6. Copublishing opportunities between faculty and graduate students.
Status: USF Anthropology faculty regularly co-publish with graduate and undergraduate students and former students, and faculty are encouraged to consider the department’s diversity and inclusion goals when choosing research teams and providing co-authoring opportunities. Click here for examples of recent publications
7. Using “challenging conversations” that arise organically as the basis for discussions of racism in the academy.
Status: The department has for some time had a series of yearly Town Hall Meetings between the faculty and the graduate students, facilitated by the department’s graduate director and the graduate program’s Graduate Student Organization (GSO). In Town Hall Meetings over the last couple of years, members of the GSO have brought up issues of concern related to questions of diversity and inclusion. These have included questions related to funding and recruitment, of curriculum development, and of addressing experiences of exclusion and discrimination on the part of graduate students from groups traditionally underrepresented in anthropology. These “difficult discussions” have led to the creation of a new course that was offered for the first time in the fall, 2018, titled ANG 5937 “Critical Race Discourse.” These discussions have also started further dialogue between the committee and the GSO regarding how to provide a forum for regular conversations around these themes and even avenues of conflict mediation if necessary. These efforts are ongoing.
8. Curricular changes that highlight diverse scholarship in anthropology.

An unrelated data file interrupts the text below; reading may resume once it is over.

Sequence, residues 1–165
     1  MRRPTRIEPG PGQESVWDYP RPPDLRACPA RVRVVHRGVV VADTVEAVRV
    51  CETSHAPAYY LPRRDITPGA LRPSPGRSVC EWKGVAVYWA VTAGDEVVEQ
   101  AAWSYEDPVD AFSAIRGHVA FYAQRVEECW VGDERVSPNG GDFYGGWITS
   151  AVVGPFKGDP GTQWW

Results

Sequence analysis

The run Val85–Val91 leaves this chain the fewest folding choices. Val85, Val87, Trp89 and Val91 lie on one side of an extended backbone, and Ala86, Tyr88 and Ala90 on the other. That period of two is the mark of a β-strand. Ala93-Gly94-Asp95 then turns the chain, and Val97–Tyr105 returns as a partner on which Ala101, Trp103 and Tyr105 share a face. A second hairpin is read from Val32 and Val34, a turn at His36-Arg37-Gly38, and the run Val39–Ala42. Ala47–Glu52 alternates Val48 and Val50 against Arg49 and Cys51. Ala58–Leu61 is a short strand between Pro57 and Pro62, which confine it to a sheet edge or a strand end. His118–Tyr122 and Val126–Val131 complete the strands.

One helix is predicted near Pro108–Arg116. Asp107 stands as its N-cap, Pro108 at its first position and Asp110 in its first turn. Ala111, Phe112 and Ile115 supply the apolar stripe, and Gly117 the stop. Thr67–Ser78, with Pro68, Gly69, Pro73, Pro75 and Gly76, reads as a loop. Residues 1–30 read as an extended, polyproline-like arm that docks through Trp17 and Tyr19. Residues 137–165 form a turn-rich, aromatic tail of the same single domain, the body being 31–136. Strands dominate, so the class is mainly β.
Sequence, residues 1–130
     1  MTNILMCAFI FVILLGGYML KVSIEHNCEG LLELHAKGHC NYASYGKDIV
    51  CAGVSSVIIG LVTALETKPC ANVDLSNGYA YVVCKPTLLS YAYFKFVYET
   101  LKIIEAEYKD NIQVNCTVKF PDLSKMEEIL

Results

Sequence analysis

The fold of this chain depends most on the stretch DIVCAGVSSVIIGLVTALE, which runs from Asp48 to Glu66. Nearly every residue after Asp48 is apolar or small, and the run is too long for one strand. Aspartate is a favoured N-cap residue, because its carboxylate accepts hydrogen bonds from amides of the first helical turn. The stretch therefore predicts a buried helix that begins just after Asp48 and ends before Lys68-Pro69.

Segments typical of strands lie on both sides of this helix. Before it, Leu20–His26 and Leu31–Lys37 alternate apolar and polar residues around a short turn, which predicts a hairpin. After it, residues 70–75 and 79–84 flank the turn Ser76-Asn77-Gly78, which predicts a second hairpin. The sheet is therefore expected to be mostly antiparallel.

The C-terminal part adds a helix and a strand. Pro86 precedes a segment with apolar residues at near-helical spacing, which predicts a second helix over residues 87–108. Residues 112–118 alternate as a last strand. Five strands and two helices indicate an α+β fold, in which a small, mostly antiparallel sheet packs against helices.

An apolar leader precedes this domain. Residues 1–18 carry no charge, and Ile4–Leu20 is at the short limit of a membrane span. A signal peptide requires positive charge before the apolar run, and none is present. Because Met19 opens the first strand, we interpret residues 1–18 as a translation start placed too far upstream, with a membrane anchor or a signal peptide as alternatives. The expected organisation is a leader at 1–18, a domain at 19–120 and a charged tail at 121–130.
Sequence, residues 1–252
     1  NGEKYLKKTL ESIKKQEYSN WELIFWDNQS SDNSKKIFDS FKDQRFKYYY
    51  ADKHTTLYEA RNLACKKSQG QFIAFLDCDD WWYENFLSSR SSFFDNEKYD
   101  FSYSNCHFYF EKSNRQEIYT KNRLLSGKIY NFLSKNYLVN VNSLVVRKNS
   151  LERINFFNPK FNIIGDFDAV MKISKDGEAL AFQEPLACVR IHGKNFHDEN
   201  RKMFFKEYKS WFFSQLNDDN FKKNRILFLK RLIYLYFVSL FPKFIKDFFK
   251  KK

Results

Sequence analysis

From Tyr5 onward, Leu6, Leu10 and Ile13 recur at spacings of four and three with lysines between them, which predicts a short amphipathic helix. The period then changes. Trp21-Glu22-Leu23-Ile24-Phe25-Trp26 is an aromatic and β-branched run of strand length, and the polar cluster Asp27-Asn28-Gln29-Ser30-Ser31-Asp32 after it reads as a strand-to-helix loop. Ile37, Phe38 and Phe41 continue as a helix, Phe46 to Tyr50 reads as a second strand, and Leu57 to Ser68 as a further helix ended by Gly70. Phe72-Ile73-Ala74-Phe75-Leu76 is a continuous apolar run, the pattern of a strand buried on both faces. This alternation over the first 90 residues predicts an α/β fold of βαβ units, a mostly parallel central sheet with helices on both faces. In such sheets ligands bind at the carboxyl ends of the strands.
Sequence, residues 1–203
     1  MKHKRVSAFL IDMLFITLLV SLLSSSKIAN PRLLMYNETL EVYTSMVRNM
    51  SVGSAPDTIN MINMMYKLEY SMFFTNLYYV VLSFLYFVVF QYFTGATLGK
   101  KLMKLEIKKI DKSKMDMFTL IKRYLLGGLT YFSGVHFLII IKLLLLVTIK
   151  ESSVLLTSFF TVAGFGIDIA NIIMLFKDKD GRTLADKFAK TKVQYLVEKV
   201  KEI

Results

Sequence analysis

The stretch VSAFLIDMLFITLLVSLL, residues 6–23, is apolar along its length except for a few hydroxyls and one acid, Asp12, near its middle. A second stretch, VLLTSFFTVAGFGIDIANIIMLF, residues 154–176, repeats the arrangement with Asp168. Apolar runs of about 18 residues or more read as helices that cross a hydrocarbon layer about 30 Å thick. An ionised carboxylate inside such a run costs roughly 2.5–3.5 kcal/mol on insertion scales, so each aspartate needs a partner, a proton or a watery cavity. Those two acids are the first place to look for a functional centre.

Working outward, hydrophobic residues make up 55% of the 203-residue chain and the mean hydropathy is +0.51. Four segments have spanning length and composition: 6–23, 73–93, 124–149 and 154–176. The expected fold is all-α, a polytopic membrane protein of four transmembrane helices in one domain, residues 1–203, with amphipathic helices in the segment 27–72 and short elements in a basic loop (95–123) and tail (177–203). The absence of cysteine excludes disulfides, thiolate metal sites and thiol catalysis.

Status: By its nature, the discipline of anthropology engages in questions of diversity and inclusion through its characteristic theoretical and methodological approaches. Therefore, it is difficult in the space of this report to document the myriad ways the department’s teaching mission addresses these themes. At the same time, it is pertinent to report that there have been significant efforts underway to incorporate the themes of diversity and inclusion in the academy and in scholarship more broadly into the department’s curriculum. For instance, there is the following graduate course: ANG 5937 “Teaching Anthropology.” This course prepares Ph.D. students to become teachers of anthropology. It infuses perspectives related to diversity and inclusion by infusing a critical perspective on pedagogy and on curriculum development. The graduate elective course ANG 5937 “Anthropology and Higher Education” analyzes current higher education practices from an anthropological perspective and themes addressed include questions of diversity and inclusion. At another level, the course ANG 6705 “Foundations of Applied Anthropology,” required of all new graduate students who do not already have an M.A. in anthropology, and the undergraduate course ANT 4034 “Theories of Culture,” which is required course for anthropology majors, are both on the topic of the history of anthropology. In both these courses, students are exposed to the perspectives of anthropologists in the history of the discipline from underrepresented groups who have been marginalized and “forgotten” as ancestors in the development of the theoretical canon. Further, students in these courses are exposed to perspectives from the World Anthropology Movement, a group of scholars practicing anthropology outside of Europe and North America who urge a wider perspective on the discipline. There are other similar efforts being carried by departmental faculty members in their respective courses. For the first time in the fall, 2018, a course titled ANG 5937 “Critical Race Discourse” was offered. These efforts are ongoing.